Wat Prayoon. Temple in Bangkok, Thailand

Wat Prayoon

Temple in Bangkok, Thailand

Wat Prayun 4 Photo © Robert Schrader

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Wat Prayoon

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Turtle
	Mountain and Moat - Wat Prayoon
Turtle Mountain and Moat - Wat Prayoon.
Situated on the western bank of the Chao Phraya river, Wat Prayoon is one of the less popular temples of Bangkok, yet not one to be avoided.

History

Wat Prayurawongsawas, commonly known as ‘Wat Prayoon’, was built in 1828 as a monastery by the Royal Finance and External Affairs Minister, Chao Phraya Phra Klang (Wikipedia Article), a descendant of the Persian Bunnag clan. He turned his personal coffee garden into the monastery garden itself, only to be transformed four years later into a royal monastery by King Rama III, and it bears the current name ever since. The temple is actually a family temple of the powerful Persian descendant Bunnag clan.

Architecture

Wat Prayoon possesses all the regular structures of a Buddhist temple, the library, the meditation halls, the assembly, and of course, the chedi. Aside from its colorful mirrors, the unique element which sets it aside from other temples is it's red 1.5 meters tall iron fence, built from old war axes, swords, and lances. Once running throughout the whole temple compound, today only a small portion can be seen, leading from the entrance to the chedi.

The tallwhite chedi also makes the temple easy to spot. Eighty meters wide at the base and shaped like a bell, it is the first chedi in Thailand to be built in the architectural style of Sri Lanka, and it is said to house the relics of Buddha himself. Eighteen smaller chedis are spread throughout the courtyard, which impresses not only through size, but also because of its architecture. Another highlight is the Buddha museum, a display of images and artifacts depicting Buddha, which was uncovered under the chedi in 2006.

 - Wat Prayoon
Wat Prayoon. Photo by Goran Ehren


The most popular attraction of this temple is no doubt the Turtle Mountain (Wikipedia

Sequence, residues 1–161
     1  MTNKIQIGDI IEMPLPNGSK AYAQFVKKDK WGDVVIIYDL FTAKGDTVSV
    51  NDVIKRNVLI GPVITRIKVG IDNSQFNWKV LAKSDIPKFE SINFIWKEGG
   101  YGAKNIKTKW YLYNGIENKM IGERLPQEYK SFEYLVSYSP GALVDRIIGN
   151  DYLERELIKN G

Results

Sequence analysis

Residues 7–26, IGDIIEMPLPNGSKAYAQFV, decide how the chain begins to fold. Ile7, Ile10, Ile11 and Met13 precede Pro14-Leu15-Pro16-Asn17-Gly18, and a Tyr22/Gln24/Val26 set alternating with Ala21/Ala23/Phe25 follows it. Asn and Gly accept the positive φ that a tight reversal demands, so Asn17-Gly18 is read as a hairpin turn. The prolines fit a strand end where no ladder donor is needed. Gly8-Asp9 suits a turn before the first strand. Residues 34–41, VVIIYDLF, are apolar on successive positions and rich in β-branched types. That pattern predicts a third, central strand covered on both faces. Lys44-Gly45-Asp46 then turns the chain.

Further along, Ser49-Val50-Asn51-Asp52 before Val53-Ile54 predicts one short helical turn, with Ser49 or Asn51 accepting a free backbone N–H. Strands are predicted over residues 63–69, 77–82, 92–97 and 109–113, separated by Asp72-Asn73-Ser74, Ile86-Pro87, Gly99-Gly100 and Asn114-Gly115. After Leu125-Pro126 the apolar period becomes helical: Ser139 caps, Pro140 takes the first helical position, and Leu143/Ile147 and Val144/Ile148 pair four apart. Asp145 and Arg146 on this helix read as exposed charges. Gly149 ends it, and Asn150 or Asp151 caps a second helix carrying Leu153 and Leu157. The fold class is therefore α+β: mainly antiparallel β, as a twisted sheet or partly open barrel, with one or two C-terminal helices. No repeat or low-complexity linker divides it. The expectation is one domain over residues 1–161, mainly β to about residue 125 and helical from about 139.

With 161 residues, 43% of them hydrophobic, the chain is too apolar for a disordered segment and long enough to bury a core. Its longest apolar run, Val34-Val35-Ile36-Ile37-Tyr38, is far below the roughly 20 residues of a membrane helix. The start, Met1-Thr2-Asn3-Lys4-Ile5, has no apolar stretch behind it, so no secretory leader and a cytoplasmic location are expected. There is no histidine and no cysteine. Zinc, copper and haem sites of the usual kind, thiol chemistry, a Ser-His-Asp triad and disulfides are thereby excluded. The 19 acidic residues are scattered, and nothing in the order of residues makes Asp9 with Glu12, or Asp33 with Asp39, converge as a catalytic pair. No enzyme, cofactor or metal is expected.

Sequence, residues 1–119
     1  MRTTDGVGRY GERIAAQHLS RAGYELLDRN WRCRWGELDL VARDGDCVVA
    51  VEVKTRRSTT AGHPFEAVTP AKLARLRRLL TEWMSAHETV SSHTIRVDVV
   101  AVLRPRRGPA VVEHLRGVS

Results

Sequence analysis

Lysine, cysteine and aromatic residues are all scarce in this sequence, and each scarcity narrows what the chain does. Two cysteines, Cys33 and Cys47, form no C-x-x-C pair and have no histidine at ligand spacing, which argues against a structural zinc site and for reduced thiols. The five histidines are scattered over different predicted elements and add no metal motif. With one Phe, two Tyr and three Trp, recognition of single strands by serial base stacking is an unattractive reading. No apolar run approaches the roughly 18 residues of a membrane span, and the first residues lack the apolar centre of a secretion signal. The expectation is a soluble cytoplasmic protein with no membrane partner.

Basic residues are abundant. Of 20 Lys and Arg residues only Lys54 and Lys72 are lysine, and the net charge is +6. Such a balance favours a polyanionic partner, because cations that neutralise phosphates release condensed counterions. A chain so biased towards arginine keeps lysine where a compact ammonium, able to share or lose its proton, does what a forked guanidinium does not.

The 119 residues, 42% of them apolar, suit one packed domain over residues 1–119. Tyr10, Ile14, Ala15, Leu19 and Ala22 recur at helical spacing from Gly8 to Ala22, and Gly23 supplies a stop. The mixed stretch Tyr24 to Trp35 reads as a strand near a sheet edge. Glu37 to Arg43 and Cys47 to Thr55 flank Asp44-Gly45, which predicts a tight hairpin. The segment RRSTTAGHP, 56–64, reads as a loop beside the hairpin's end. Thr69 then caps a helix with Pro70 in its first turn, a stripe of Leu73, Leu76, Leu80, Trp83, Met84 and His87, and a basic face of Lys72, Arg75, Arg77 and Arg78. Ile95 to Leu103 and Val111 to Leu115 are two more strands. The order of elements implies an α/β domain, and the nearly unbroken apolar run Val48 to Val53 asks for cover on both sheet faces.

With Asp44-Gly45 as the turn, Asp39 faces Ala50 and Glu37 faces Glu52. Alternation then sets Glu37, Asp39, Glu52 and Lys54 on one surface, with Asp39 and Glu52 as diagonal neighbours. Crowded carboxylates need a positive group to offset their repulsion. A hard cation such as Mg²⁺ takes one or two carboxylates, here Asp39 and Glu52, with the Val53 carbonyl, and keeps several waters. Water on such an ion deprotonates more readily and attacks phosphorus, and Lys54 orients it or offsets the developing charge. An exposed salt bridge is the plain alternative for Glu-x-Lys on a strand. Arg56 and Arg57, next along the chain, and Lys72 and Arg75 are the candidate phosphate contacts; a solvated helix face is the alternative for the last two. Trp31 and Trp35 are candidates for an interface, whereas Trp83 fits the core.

Article), which is built in the shape of a melting wax candle. Legend has it that King Rama III was contemplating a candle and had a revelation which led him to have the temple built in the exact same shape of the candle's dripping. Under the mountain are sheltered several spirit houses in the memory of the dead, featuring a blend of Western and Eastern architecture.

Another legend surrounding the famous red fence claims that they were originally brought as a gift to King Rama by the British to be used in the Grand Palace. Since the King was unimpressed with their quality, he used them for the temple instead. To make up for this, the British brought a new gift: the quantity in sugar equal to the weight of the iron fence.

Visiting

Surrounding the base of the temple is the staircase that leads to the top, where the climbers are rewarded with a breathtaking view of Bangkok. The spires can actually be entered, providing a good spot for panoramic pictures.

Around the mountain is a small moat where visitors can engage in the most exciting attraction of the temple: feeding the turtles that inhabit it. For a small fee you can buy bananas and papayas on a stick, and in just a few seconds they will have vanished.

Feeding
	the Turtles - Wat Prayoon
Feeding the Turtles - Wat Prayoon.
The temple is a great alternative to the big crowds swarming Wat Arun and Wat Pho every day, especially if you are looking for a pleasant afternoon in the shades of the temple gardens without giving up on a pinch of Thai culture.

The temple is open daily from 9 a.m. to 6 p.m. There is no fixed entrance fee, but based on donations.

How to Get There

Wat Prayoon is located on the Thonburi riverside, at the foot of the memorial bridge, right across the Saphan Phut market. Every cab driver knows about the market, and once there you cannot miss the temple by its red fence and tall white chedi. If you go alone, you can take the Skytrain to Saphan Taksin and then take a boat upriver, but the difference is small compared to taxi prices, as they are very cheap in Bangkok. If you travel in groups, taxi is by far the best option. Make sure that the driver understands where you want to go (smart phone GPS helps), as they tend to confirm without actually being certain of it, while some do this on purpose to lengthen the way.

Other Attractions

There are many attractions in the vicinity of Wat Prayoon. Further up the river and just 10 minutes by boat away you can visit Wat Arun, the famous temple of dawn, the Temple of the Reclining Buddha, where Thai massage was invented and reputedly still rises up to the standard, and the Grand Palace. If you don't want to extend the trip and prefer to remain within walking distance, you can visit the nearby Portuguese community, or several other temples, such as Wat Kalayanamitr and Wat Buppharam. If you linger around the area after dusk make sure you don't miss the night market of Saphan Phut to get a real taste of Thailand lifestyle.

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Author: aelumag. Last updated: Feb 26, 2015

Pictures of Wat Prayoon

2014, November 9. Wat Prayun Wongsawat stupa - Wat Prayoon
2014, November 9. Wat Prayun Wongsawat stupa - Wat Prayoon. Photo by Ben Garrett

2014, November 9. View from Wat Prayun Wongsawat - Wat Prayoon
2014, November 9. View from Wat Prayun Wongsawat - Wat Prayoon. Photo by Ben Garrett

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